Salt “koji” pickles 塩麹の浅漬け

japanese cake

I was told that “Shio-koji” 塩麹 is “all the rage” in Japan. Although preserving or marinating vegetables and fish in salt and “koji” is a very old technique, it appears to have made a big come back. I resisted jumping onto the band wagon, until I succumbed at the first sighting of a package of dried koji at the local Japanese grocery store.

Digression alert: Before fermentation can happen, complex carbohydrates or starch have to be converted to fermentable sugars. All cultures somehow figured this out to make alcohol. The most primitive form is to chew cooked grains and spit the masticated starch out into a vessel. Diastase in saliva will convert starch into sugar and fermentation can produce a primitive “jungle” beer.  For true beer making, enzymes formed during sprouting of barley (malting) is used to convert starch in the barley and other grains to sugar (“mash). The Japanese/Chinese figured out that certain mold (yes, “mold” called Aspergillus oryzae, which produce several enzymes including amylase) can convert the starch of cooked rice into fermentable sugar. Many Japanese food items are based on “Koji” to produce; sake 酒, chochu 焼酎, miso 味噌, and shouyu 醤油 (soy sauce).  But koji or cooked rice inoculated with this mold by itself can be used in different dishes. If this was used in pickling or “tsukemono” the vegetables, sugar will mostly ferment into acid (lactic acid by lactobacillus) rather than alcohol. Thus, it imparts sweet (sugar), sour (from lactic acid) and salty (from added slat) and additional “je ne sais quoi”  components from whatever develops during fermentation.When I was growing up in Hokkaido, there was a fermented and preserved condiment/side dish called “Nishin-zuke” 鰊漬け or Herring pickles (picture below) and my mother used to make it. Essentially, vegetable and filets of dried herrings were mixed with “koji” and salt and left to ferment for several months in a cold place (there were many “cold” places in winter in Hokkaido houses).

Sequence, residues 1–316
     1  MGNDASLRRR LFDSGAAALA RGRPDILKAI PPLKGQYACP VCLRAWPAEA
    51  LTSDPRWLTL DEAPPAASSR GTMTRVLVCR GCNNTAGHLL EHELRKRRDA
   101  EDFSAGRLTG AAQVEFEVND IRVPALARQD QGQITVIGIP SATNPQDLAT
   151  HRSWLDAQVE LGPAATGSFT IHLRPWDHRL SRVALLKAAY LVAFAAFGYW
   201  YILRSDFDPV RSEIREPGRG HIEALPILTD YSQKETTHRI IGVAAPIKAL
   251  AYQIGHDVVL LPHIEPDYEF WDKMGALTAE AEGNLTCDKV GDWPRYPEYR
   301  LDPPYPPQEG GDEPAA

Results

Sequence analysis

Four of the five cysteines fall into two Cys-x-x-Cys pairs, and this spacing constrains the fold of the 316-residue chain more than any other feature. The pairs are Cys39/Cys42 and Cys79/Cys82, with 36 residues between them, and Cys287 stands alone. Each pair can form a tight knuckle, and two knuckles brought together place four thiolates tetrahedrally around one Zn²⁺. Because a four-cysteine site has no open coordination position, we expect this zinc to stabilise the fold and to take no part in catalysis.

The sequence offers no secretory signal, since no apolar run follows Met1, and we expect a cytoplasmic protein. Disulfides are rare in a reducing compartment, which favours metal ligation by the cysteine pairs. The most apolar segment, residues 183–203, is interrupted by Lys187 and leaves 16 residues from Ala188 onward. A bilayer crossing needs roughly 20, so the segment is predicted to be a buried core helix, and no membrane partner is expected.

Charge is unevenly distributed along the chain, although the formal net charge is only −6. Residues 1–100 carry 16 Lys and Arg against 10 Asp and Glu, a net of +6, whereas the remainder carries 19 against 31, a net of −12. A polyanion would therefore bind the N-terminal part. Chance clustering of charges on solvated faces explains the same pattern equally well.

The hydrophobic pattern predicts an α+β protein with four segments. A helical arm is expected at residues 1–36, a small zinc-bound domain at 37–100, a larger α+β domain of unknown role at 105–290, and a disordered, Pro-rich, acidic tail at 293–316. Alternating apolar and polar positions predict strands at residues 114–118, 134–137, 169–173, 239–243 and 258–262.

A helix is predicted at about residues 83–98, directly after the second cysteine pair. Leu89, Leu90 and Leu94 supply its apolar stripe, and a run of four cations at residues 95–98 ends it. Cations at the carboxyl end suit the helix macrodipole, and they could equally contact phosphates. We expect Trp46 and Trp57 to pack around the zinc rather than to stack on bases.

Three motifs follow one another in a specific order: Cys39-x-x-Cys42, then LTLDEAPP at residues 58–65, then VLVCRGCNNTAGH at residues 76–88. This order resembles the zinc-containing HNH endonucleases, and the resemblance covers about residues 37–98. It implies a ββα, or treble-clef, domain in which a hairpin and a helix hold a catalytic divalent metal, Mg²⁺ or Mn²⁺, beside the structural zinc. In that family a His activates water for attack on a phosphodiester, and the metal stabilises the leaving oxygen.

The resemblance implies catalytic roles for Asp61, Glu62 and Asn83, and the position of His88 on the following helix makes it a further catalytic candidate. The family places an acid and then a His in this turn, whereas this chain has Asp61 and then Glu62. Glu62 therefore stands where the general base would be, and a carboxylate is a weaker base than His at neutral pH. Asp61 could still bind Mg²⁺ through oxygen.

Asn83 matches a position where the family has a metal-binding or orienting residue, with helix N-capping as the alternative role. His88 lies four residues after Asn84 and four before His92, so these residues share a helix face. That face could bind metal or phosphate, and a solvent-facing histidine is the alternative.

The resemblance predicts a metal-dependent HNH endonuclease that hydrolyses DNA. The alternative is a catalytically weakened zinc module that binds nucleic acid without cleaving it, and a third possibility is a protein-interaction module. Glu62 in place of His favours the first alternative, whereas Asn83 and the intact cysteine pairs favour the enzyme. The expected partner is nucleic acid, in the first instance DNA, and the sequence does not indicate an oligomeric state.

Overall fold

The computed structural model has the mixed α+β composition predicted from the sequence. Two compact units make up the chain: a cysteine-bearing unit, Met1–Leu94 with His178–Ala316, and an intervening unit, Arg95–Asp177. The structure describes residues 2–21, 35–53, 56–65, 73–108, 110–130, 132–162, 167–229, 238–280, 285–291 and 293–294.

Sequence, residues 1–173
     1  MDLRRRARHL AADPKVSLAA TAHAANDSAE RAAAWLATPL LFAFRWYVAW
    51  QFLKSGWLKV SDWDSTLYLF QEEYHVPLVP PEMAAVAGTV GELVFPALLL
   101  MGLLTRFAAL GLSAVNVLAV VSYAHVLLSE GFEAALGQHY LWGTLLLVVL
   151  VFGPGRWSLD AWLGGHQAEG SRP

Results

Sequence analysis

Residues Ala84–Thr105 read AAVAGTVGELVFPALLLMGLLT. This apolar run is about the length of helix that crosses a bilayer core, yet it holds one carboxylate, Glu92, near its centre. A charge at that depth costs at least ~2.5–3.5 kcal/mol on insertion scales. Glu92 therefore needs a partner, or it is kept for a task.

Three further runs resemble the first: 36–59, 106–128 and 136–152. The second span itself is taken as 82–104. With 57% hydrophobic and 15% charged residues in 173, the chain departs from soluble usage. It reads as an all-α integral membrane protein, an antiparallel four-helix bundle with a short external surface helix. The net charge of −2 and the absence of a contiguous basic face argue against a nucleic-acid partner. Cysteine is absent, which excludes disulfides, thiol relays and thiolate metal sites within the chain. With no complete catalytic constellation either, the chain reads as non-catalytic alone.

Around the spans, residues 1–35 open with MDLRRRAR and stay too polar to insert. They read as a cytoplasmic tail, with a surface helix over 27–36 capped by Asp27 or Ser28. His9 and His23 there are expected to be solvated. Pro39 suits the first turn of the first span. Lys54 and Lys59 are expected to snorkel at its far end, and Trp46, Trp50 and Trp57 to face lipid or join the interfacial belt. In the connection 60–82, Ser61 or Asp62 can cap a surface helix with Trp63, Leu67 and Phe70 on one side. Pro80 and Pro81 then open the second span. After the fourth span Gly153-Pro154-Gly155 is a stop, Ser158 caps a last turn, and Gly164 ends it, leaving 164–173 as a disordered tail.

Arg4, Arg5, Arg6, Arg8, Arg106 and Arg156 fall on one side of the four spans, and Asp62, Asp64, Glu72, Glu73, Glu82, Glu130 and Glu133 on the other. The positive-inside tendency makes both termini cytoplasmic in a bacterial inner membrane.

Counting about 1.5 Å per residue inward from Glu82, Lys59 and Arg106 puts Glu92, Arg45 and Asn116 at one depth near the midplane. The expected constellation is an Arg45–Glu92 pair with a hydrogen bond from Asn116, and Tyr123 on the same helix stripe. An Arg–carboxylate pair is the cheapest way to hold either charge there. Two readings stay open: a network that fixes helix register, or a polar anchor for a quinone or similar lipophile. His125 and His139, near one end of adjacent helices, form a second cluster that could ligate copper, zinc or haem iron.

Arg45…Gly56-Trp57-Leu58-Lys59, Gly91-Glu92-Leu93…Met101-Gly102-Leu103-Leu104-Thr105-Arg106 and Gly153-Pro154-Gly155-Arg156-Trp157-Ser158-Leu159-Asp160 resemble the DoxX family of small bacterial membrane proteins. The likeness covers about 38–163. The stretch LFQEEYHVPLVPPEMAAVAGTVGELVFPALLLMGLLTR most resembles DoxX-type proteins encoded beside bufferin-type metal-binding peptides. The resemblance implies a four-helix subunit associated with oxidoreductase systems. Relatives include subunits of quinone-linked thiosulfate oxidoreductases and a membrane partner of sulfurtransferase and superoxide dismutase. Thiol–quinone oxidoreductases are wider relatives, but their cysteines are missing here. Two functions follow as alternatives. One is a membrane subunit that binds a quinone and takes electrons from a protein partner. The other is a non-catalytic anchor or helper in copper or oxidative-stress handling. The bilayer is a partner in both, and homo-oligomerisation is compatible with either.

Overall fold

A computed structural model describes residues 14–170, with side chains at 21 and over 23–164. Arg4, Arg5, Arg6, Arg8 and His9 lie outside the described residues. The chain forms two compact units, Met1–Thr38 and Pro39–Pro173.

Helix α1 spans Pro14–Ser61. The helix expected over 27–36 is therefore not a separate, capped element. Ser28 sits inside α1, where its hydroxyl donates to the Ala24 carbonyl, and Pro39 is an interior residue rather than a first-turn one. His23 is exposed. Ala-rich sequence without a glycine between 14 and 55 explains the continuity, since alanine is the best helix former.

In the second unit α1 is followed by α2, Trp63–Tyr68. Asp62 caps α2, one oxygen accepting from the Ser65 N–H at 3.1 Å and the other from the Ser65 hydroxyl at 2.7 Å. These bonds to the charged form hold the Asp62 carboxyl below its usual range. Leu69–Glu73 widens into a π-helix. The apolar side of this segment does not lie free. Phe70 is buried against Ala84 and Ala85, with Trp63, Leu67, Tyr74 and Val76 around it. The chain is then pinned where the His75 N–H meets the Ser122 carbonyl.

In recent years, “koji” is making a big come back especially as “shio-koji” in Japan as a magical marinade and meat tenderizer. Since I found dried “koji” in the near-by Japanese grocery store, I decided to prepare “shio koji”. After making “shio koji”, this is the first dish I made.

I used daikon cut into quarter circle (1/4 inch thick), cucumber (1/2 inch thick), radish (a kind called “French breakfast” which is small, elongated and a bit sweeter than regular radish with red and white color, cut into thin slices). The amount was totally arbitrary but I weighed the entire amount of the vegetables, and it was about 500 grams. The reason I weighed the vegetables was because the recipe calls for 10% of shiokoji to the weight of the vegetables. I just wanted to get the feel for what constituted 10%  of the weight. I mixed and kneaded the vegetable and shiokoji. The recipe said just massage the vegetables with shiokoji in a Ziploc bag and leave it in a refrigerator for half a day but I decided to use a “Tsukemono” pot with a plunger to apply pressure and left it overnight in the refrigerator until ‘water” came out and submerged the vegetables (or “mizu ga agaru” 水が上がる meaning the water is up).

You could see the fragments of rice kernels from the shiokoji attached to the pieces of vegetables. This is good but we did not think it was all that different from simply salted asazuke 浅漬け. This version adds a slight sweetness and some complexity to the taste. The addition of thinly cut kelp, red pepper, ginger to the simple salted version also can give a different kind of complex flavors to the asazuke. If you already prepared shiokoji, this is a good use for it but I would not make this dish with shiokoji just for the sake of making it.

Shiokoji preparation: I bought pre-made and dried koji and simply followed the instructions that came with the product. As I said you could get the koji mold ( from a home brewing place) and make koji from scratch. In Japan, I was told that a ready made shiokoji is readily available in a jar but I have not seen it sold here in our area. Here, I bought premade and dried koji (#1). I added the amount of water and salt as per the instruction which came with this (#2).

After a few hours, the dried koji absorbed the water and swelled up (#3). I left this container with a lid lightly sealed (with some gap to let the gas escape) on the kitchen counter (room temperature) for 9 days mixing it once a day (#4). It developed some viscosity with a faint slightly sweet smell and the rice kernels got soft and could be crumbled between finger tips easily (#4). I pronounced this “done”, put the lid on tightly and moved it to the refrigerator. According to the instruction sheet, this final product will last at least 6 months in the refrigerator. I suspect you will be seeing this in future preparations.

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